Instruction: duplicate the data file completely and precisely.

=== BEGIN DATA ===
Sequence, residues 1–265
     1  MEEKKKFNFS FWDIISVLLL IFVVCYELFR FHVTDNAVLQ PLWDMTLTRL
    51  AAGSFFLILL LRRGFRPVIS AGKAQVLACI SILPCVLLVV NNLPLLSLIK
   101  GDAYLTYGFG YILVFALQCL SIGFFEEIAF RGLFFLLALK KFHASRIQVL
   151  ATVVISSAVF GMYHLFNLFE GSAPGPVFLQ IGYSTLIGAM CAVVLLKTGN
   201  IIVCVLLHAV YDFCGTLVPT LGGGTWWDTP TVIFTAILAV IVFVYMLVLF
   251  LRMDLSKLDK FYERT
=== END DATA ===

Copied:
Sequence, residues 1–265
     1  MEEKKKFNFS FWDIISVLLL IFVVCYELFR FHVTDNAVLQ PLWDMTLTRL
    51  AAGSFFLILL LRRGFRPVIS AGKAQVLACI SILPCVLLVV NNLPLLSLIK
   101  GDAYLTYGFG YILVFALQCL SIGFFEEIAF RGLFFLLALK KFHASRIQVL
   151  ATVVISSAVF GMYHLFNLFE GSAPGPVFLQ IGYSTLIGAM CAVVLLKTGN
   201  IIVCVLLHAV YDFCGTLVPT LGGGTWWDTP TVIFTAILAV IVFVYMLVLF
   251  LRMDLSKLDK FYERT